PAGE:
i love this video. The dude is a master and you really get a great appreciation for butchery as well as a better understanding of where your meat comes from. I really wish there was a video that went into a little more detail on other non-american cuts - I always wonder, for example, where exactly picanha comes from. Hm.
Wow, that is a great video! It’s an awful lot of info to take in at once, though. I’ve already watched it twice and I think I could use a couple more viewings. There are so many of these cuts that I’ve never heard of before. Most of these steaks coming of the chuck are new to me. Although I suspect that I might know a few of them under their French names. I get easily confused when it comes to beef because of the variations between American, Canadian, French, Spanish and Latin American cuts and terminology, which I’m learning all at once.
BTW, I’m pretty sure that picanha is this:
It’s the sirloin cap. In the video it’s not treated as a separate cut, but just as part of the top sirloin.
Thanks Monsieur! I also suspected that or one of the smaller sirloin groups must be picanha. It’s funny how they cut the whole thing as one sirloin steak but it’s clear there’s three muscles in there with distinct grain color and marbling.
I wish they would go just a slight bit slower and reassemble the final cuts back into the cow. That would be sweet.
There’s also a portion of meat connected to the brisket known as beef bacon/fatty beef (it looks like pork belly but it’s beef) but I don’t think they did anything with that here.
What a great video. It would be worth watching 5 to 10 times. Thanks for posting it.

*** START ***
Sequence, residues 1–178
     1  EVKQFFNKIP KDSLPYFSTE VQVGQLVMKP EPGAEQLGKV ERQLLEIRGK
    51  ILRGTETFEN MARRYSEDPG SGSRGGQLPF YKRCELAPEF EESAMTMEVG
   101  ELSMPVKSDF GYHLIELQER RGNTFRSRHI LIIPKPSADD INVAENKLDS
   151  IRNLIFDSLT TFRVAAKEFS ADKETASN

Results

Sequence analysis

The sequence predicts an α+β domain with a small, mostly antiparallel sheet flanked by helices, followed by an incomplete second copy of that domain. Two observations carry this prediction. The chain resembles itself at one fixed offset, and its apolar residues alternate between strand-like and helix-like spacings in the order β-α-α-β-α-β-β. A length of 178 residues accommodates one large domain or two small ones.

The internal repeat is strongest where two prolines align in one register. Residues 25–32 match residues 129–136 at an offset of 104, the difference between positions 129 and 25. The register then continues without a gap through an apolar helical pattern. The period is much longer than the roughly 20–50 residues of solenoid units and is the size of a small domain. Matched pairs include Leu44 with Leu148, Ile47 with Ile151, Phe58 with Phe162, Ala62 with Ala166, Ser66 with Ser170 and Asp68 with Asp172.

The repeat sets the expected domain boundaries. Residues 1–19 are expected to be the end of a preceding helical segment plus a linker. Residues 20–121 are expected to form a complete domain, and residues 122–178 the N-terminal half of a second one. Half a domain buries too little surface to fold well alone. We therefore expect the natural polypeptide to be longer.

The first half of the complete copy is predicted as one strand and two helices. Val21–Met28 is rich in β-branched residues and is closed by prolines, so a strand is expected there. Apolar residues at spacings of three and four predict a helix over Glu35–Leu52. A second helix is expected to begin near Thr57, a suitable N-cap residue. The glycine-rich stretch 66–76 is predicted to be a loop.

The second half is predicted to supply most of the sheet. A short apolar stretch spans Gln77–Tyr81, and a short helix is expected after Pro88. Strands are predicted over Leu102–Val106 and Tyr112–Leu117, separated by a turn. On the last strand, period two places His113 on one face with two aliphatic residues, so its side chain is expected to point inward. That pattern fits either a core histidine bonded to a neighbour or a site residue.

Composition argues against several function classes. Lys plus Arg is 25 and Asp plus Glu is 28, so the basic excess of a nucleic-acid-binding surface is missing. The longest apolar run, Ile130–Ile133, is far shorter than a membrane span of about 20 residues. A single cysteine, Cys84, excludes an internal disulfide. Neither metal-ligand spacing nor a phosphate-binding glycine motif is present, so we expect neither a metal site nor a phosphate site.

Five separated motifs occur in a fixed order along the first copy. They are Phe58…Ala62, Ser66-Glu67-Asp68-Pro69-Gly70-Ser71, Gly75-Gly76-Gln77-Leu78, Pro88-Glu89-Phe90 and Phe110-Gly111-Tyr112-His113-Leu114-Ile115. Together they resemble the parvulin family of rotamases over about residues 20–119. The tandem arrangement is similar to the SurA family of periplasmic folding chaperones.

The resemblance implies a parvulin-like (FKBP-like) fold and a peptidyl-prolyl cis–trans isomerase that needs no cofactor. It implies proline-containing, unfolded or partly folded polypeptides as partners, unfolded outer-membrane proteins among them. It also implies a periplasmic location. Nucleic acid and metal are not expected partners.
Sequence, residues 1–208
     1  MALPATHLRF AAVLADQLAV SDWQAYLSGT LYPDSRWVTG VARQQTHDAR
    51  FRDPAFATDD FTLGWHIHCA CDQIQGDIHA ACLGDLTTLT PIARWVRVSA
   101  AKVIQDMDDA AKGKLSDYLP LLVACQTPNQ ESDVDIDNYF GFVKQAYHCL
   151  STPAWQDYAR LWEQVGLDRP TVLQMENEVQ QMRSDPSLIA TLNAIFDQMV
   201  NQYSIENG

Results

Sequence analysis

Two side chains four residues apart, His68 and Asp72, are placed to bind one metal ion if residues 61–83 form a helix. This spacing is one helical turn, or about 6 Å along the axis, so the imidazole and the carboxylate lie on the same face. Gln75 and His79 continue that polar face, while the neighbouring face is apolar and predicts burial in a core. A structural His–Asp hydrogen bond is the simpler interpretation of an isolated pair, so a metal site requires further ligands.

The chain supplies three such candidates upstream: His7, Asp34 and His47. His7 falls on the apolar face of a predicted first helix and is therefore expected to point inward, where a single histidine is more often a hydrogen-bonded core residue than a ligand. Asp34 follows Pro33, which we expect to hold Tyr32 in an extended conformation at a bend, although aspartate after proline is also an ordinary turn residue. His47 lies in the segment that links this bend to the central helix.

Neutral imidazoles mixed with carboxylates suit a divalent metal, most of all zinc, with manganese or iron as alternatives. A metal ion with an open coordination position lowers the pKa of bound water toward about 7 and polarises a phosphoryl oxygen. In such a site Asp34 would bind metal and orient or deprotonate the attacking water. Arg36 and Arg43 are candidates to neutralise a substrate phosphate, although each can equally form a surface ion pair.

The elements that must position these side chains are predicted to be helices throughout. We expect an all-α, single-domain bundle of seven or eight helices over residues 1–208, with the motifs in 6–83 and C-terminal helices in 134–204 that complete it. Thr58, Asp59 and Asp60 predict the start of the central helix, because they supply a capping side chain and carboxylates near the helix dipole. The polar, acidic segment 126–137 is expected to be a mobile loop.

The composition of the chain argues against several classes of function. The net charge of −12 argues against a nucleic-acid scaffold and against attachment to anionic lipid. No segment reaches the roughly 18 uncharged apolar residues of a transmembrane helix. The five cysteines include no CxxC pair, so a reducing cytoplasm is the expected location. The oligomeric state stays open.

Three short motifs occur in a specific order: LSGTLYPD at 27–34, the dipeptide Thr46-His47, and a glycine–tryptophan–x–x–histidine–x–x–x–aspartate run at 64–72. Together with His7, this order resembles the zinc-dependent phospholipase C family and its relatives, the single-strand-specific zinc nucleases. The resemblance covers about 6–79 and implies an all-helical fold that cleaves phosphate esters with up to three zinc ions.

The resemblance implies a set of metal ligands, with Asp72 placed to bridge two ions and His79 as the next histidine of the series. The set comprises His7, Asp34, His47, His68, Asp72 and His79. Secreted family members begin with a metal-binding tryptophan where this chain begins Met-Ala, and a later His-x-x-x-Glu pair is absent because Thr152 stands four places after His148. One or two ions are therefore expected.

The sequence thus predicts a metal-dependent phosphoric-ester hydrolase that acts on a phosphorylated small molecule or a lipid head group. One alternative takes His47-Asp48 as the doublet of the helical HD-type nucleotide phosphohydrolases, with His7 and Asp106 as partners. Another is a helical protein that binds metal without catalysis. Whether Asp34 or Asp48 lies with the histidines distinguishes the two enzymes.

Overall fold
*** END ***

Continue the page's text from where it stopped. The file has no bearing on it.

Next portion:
I believe that’s the navel. He just cuts it off the bottom of the loin section and sets it aside. I’ve read this is used for pastrami, but I’ve also read that it’s made with the brisket flat. Strange since one is very fatty and the other very lean. Having never had real New York pastrami (shame on me, I know) I can’t say which is true.
Yo Monsieur you kick ass man. It’s rare that I meet someone with as much interest in cow parts as myself. Thanks for sharing your knowledge! In my experience pastrami is clearly unmistakably brisket - I have never seen a middle fat band, only one on top. You seem to really know your cuts so let me throw another conundrum at ya - Koreans have a cut called “Chadol” - and they translate this to “brisket.” However they have another word for brisket (“Yangji”) which is clearly the brisket we see in stores - probably the “flat.” But chadol has a very distinct look the way it’s cut that I’ve never seen out of a brisket - granted I’ve only worked with whole brisket a couple of times. Any thoughts on what part of the brisket this would be from?
Looks to my like the point end of the brisket with the fat left on. I did some googling and it seems to confirm that.
As for yangji, I could only find one picture and it looks like it could the flat end or maybe flank, but one picture is not much to go on.